Thanks very much for the reply elegysix :) Here's a revamped figure, so now we can safely say that the irradiance incident at point P is 1 Watt/m. Yep I'm aware of the multiple usage of the term intensity. I'm using radiant intensity in the radiometric sense, and am not worrying for now about other usages of the term. I feel that I need to have a solid grasp of the concept of radiant intensity and irradiance in order to fully grok radiance, which is why I'm using it in this example to build up my understanding. With that said, how exactly would you calculate the radiance, incident upon point P, due to the point light source? In my reduced dimensionality scenario, we know that the incident irradiance at point P, due to the point light source, is 1 Watt/m. We also know that the radiant intensity exitant from the point light source is 1 Watt/radian. So how do we calculate the radiance incident upon point P?
Apparently i wasn't thinking straight when I posted last. The average value of irradiance, is the power emitted through the angle, 1W, divided by the length (usually area) it is incident on. So if the rectangular object has a length L within the angle, then the average irradiance will be 1/L W/m, not 1 W/m. For the semicircle, since all points are equidistant from the source, we know the value at any point must be the same as all the others. that's why the average value of irradiance is the value at each point. here's a link which might help you understand the calculations
thanks, but I'm still unclear on how to calculate the radiance at point P. (I'm pretty comfortable with irradiance and radiant intensity, but radiance is what I'm struggling with).
I don't think it makes sense to talk about radiance at a point, since radiance depends on a solid angle and surface area. That's why I only brought up irradiance at P. I suppose it could make sense if we were talking about a large emitter, (not a point source), but this is about the limit of my knowledge on it.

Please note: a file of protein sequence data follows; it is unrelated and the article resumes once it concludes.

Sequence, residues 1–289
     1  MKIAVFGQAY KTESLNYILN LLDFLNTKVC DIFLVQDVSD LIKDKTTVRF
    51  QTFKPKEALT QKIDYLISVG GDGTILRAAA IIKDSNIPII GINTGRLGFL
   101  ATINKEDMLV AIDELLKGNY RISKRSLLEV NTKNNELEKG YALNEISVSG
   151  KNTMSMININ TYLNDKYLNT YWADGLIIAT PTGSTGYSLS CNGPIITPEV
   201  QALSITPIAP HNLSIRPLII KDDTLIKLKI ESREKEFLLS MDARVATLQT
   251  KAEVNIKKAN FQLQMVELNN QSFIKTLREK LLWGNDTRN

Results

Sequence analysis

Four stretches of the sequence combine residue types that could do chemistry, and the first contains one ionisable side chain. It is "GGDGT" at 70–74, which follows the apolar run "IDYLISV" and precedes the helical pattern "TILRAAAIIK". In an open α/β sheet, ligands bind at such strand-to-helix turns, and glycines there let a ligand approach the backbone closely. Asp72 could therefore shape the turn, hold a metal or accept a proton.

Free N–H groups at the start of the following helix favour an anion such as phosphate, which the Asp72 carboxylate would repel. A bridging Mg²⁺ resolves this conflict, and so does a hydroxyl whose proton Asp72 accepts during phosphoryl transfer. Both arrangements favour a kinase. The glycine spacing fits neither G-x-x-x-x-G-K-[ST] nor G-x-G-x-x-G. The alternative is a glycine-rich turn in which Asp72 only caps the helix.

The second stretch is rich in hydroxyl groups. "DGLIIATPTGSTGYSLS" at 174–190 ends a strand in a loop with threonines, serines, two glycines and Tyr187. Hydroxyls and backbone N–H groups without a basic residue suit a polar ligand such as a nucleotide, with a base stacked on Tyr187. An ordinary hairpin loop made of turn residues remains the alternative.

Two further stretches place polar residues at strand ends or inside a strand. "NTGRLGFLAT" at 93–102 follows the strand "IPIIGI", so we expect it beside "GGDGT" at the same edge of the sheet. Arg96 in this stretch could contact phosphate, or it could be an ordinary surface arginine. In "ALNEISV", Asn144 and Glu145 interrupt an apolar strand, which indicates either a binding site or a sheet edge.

That's what I would have thought, but apparently radiance can be defined at a point. See figure 6 on this page. Also consider the definition of radiance (from McCluney's text): bold emphasis mine.
Ok from figure 6 you will notice that the point P is the source, not on the surface element. So that should help clear some things up. It seems like to calculate radiance, we have to work the problem backwards from what we were doing. start with the power incident on the surface, and solve for the power radiated and the angle.
yep, fig 6 is depicting radiance at a point source, but the definition I quoted seems to indicate a "recipient" point. Furthermore, from the previously linked page:
Ok. I think I know the problem. You can't calculate radiance at a point, from a point source. One side can be a point, but the other must be a surface. This is because there's no area or angle between two points. But I'm just guessing now. I'm not familiar enough with radiance. Sorry I couldn't be of better help on your quest
thanks, that makes sense. Really appreciate your input here - you've definitely guided me further along my quest :) I'll certainly report back in this thread if and when I figure this infernal situation out!
I might be starting to understand radiance, thanks to this document (in particular page 4). When we consider the definition of irradiance, we are considering the area density of flux, when considering the whole hemisphere. I think radiance is simply the same thing but considering a single steradian of solid angle, rather than the whole hemisphere (2 pi steradians). The usefulness of this is that, barring any loss of light energy along the path of travel (e.g. atmospheric absorption), radiance remains constant, since it is a measure that expresses the proportionality between angle and area. I'll try to wrap my head around this and figure out a diagram or something soon. I'm not even sure that this understanding is correct yet.